Titan is designed to deliver a peak capability of over 27,000 trillion calculations per second, or 27 petaflops, a system that is over ten times more powerful than previous generations of ORNL computers.
For the growing number of problems where experiments are impossible, dangerous, or inordinately costly, advances of this compute magnitude offer the benefit of immediate and transformative insights in energy, national security, the environment and the economy, as well as to answer fundamental scientific questions.
Using DDN's SFA12K-40 storage systems as the backbone for Spider II, this new file storage system is designed with 40 petabytes of raw capacity and is capable of ingesting, storing, processing and distributing research data at unprecedented speed. This amount of storage capacity is equivalent to more than 227,000 miles of stacked books - or the distance from ORNL's facility in Oak Ridge, Tennessee to the moon - and enables ORNL to dramatically increase Titan's computational efficiency and deliver vastly more accurate predictive models than ever before.
As the de facto standard in storage for the world's leading supercomputers, DDN continues to push the frontiers of science and technology from laptop to petaflop, building on its $100 million investment in extreme scale computing and commitment to the DOE's FastForward program to pave the road to exascale.
After a competitive review of scale out storage alternatives, ORNL selected the DDN SFA12K-40 as the high-throughput building block for its Lustre parallel file system. Once installed, the platform will deliver performance in excess of 10x what is achievable with contemporary scale-out NAS systems.
Building on a decade of ORNL and DDN optimizations for the Lustre file system, the DDN system will be configured with Lustre performance of over one terabyte per second to meet the demands of Titan's 299,008 CPU cores.
The ORNL Spider II configuration from DDN includes:
The combination of DDN's and ORNL's expertise in scaling Lustre in production environments will enable Titan to perform approximately six times faster with three times the capacity of its predecessor, Spider.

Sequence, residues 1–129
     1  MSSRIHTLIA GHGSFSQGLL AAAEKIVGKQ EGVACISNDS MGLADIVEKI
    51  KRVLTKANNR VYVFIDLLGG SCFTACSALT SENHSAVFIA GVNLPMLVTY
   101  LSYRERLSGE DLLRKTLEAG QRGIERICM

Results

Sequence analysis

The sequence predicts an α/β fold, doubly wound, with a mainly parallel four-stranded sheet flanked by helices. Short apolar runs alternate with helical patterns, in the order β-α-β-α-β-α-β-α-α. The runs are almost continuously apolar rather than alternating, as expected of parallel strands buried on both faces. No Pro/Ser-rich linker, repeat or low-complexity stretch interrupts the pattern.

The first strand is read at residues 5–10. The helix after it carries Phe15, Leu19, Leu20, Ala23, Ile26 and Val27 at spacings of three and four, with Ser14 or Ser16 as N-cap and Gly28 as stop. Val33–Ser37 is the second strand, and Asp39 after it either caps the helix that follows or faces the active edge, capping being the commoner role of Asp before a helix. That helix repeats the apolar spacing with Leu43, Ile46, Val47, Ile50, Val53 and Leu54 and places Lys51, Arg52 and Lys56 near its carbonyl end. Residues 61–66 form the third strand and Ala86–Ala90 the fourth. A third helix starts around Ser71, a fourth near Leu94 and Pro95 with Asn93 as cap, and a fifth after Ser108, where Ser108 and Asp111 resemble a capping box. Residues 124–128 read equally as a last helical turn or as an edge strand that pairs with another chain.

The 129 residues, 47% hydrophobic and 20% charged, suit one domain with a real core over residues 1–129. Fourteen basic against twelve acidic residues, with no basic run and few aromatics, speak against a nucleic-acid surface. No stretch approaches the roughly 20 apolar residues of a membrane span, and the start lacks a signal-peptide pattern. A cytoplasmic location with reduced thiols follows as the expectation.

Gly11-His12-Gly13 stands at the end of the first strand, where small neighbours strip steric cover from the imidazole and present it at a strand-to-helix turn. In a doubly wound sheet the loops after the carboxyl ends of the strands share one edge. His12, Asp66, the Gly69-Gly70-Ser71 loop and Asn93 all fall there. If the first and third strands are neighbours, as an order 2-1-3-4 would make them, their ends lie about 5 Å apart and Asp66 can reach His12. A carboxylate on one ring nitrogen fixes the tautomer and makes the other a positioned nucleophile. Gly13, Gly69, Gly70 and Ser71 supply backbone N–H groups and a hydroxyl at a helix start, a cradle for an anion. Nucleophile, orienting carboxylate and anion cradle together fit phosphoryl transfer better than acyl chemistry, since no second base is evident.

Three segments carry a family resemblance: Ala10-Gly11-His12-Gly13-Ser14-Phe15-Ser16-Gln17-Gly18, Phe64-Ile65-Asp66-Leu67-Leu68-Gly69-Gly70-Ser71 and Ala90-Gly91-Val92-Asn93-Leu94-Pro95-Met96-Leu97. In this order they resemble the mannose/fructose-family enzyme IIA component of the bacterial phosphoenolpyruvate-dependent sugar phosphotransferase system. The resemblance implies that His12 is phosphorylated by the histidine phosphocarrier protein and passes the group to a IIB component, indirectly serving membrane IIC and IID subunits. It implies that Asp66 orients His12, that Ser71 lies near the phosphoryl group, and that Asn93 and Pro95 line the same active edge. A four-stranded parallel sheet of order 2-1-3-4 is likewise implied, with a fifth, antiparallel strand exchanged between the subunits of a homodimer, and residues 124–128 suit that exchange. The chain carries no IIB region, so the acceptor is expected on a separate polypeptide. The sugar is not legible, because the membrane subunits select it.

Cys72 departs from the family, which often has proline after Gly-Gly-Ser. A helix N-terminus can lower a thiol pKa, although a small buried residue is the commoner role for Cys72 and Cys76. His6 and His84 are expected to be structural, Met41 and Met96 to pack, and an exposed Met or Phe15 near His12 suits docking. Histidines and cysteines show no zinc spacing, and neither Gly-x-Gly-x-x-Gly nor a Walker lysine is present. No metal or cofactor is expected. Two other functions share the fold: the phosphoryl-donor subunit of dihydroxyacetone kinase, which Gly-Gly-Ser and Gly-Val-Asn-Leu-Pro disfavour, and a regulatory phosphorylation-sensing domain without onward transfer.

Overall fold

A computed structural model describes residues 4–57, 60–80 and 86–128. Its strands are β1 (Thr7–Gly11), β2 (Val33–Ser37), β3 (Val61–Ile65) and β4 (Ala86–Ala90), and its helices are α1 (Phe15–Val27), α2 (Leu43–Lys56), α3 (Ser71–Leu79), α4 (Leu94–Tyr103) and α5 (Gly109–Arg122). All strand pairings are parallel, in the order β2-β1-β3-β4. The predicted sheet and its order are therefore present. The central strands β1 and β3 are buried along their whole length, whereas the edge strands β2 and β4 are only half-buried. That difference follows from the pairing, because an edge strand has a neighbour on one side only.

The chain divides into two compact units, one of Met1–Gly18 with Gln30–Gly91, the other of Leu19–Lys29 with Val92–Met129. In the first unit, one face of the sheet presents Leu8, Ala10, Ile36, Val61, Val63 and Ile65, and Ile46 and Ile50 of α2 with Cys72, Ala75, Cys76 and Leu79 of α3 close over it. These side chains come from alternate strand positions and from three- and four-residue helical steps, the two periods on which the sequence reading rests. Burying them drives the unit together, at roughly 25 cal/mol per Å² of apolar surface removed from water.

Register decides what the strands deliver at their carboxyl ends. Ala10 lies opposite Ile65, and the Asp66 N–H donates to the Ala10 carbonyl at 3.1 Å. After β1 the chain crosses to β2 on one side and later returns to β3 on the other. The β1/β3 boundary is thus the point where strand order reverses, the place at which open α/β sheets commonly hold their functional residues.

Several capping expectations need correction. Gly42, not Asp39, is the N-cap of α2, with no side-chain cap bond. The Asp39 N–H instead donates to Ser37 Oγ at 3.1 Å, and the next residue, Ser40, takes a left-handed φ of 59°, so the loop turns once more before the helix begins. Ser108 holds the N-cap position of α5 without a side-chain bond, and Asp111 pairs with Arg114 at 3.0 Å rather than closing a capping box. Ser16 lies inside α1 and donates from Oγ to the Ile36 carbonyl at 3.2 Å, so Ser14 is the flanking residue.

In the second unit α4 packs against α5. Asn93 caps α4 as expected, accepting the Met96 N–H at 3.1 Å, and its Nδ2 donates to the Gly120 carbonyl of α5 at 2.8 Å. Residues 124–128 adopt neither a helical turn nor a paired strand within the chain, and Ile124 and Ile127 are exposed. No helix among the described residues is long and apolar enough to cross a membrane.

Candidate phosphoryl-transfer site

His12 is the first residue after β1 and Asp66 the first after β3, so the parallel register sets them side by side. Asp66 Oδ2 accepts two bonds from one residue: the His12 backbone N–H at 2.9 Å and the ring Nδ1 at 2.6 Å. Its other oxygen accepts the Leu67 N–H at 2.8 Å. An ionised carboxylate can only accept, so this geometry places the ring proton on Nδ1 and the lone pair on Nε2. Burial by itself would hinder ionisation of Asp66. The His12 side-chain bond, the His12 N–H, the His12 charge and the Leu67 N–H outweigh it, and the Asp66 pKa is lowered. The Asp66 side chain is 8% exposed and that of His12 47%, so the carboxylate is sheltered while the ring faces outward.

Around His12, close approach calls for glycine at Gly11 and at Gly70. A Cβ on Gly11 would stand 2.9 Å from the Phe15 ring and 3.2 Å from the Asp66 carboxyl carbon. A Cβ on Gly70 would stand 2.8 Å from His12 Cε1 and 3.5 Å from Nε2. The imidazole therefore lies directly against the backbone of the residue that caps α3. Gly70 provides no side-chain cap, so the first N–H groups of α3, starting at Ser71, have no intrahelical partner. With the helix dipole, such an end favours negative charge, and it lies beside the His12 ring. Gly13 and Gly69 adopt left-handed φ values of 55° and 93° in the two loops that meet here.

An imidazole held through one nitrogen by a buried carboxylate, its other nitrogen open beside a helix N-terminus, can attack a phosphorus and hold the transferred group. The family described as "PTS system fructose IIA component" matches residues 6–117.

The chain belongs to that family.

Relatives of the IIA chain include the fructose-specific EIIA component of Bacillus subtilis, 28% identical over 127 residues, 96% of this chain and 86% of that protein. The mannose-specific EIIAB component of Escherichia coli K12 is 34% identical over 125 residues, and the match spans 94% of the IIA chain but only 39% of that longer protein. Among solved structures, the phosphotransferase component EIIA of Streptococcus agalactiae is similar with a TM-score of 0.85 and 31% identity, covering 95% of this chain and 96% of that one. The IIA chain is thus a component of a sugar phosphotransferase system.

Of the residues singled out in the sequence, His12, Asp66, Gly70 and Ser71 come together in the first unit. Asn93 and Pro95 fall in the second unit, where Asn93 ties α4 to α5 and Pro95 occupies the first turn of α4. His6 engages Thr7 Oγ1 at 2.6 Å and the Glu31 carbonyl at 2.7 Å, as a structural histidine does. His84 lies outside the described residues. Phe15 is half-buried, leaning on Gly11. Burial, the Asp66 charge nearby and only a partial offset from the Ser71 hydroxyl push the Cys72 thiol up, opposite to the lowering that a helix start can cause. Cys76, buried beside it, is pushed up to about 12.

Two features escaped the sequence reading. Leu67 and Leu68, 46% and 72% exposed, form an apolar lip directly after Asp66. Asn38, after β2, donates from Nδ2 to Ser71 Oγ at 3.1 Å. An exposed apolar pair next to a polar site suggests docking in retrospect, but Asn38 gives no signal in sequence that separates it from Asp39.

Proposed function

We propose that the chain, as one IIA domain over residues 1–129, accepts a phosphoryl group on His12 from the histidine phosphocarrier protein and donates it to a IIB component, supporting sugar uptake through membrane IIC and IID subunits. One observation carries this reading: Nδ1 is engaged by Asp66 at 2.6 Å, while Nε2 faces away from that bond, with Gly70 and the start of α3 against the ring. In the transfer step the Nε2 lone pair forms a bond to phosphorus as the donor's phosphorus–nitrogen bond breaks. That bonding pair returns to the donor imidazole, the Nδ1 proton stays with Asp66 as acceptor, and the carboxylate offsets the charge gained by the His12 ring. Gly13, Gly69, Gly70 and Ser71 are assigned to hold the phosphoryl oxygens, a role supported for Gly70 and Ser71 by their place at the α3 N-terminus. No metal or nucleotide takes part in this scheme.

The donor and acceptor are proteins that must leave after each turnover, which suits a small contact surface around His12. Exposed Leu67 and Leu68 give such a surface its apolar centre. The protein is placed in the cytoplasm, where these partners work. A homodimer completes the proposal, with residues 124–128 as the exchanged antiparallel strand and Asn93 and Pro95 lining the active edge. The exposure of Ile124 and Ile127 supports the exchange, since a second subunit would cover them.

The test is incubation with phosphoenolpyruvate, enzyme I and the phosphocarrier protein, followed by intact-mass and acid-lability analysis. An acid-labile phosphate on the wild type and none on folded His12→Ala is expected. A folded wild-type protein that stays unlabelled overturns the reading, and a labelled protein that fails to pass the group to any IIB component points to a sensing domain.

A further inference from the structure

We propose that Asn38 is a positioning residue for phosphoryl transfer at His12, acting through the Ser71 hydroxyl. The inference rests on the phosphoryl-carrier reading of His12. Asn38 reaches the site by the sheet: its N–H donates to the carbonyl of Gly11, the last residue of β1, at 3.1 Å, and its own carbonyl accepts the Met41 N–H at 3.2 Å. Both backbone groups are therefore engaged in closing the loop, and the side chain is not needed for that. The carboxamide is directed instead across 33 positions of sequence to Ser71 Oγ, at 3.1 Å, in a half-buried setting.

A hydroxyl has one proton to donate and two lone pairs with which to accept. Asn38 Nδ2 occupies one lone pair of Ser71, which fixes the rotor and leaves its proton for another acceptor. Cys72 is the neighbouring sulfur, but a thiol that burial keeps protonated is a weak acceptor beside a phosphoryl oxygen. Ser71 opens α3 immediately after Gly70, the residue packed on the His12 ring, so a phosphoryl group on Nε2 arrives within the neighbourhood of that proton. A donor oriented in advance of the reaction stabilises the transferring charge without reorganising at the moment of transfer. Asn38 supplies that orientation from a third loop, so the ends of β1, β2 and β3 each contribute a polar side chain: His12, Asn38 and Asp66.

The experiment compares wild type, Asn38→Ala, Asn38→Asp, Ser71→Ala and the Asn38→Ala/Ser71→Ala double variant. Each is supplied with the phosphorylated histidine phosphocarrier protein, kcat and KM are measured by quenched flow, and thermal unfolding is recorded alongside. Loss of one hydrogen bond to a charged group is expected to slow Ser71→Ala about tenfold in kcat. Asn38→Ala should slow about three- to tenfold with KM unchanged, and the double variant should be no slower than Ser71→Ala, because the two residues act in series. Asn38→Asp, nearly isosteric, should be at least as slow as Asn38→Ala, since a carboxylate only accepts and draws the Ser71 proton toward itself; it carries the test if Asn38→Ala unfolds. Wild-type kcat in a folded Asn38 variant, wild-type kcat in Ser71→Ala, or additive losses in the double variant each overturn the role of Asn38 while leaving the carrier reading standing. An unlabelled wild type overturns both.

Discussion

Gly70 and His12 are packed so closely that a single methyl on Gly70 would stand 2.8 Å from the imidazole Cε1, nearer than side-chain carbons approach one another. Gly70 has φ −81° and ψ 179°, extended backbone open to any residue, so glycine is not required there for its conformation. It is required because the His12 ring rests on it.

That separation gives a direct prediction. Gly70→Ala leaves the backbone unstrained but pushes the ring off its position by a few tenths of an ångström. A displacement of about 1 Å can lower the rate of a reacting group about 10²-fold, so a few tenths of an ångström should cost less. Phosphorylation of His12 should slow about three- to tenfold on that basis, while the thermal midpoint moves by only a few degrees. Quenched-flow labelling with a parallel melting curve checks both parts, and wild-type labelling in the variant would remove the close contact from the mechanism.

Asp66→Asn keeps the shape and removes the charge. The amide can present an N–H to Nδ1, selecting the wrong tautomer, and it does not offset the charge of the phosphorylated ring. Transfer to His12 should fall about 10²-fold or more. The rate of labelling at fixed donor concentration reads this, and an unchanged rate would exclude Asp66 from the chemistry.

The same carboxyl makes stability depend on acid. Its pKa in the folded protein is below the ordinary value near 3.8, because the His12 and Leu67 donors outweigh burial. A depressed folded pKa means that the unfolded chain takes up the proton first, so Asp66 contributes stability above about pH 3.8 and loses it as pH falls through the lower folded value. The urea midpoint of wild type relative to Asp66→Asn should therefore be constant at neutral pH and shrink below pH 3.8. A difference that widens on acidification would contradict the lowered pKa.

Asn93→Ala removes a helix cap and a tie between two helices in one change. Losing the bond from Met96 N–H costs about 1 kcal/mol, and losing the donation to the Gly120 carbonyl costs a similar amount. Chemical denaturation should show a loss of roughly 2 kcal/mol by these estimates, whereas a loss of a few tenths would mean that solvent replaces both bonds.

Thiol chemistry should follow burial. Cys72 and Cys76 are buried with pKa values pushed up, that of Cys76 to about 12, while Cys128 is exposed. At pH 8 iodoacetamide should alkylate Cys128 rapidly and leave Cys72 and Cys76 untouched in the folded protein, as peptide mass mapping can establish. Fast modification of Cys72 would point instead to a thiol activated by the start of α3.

Architecturally unique in many ways, Titan's power, scalability and efficiency serve as a showcase for the requirements of tomorrow as high performance computing (HPC) technologies continue to be adopted across the enterprise for Big Data computing.
Jean-Luc Chatelain, chief technology officer at DDN, stated: "The world's toughest questions demand the toughest storage and the fastest technology to drive new levels of scientific insight. DDN has spent the better part of a decade engineering a platform that is built precisely and efficiently for today's Big Data challenges. As applications everywhere - from energy exploration to climate modelling to energy efficient car manufacturing - continue to drive extreme levels of computational simulation and data analytics, we're proud to provide the data storage technology that makes such innovation and economic competitiveness possible. We're honoured to continue our long-standing partnership with ORNL today and to be part of the future of Big Data and exascale computing tomorrow."
Buddy Bland, project director for the Oak Ridge Leadership Computing Facility at Oak Ridge National Laboratory, stated: "When building the worlds fastest system for data intensive computing, we carefully considered all aspects of high-throughput I/O infrastructure and how efficient storage platforms can complement our supercomputer's efficiency. The ORNL and DDN teams have worked together to architect a file system designed to enhance the performance of our Titan supercomputer and enable our users to achieve unprecedented simulations and big data insights through massively scalable computing."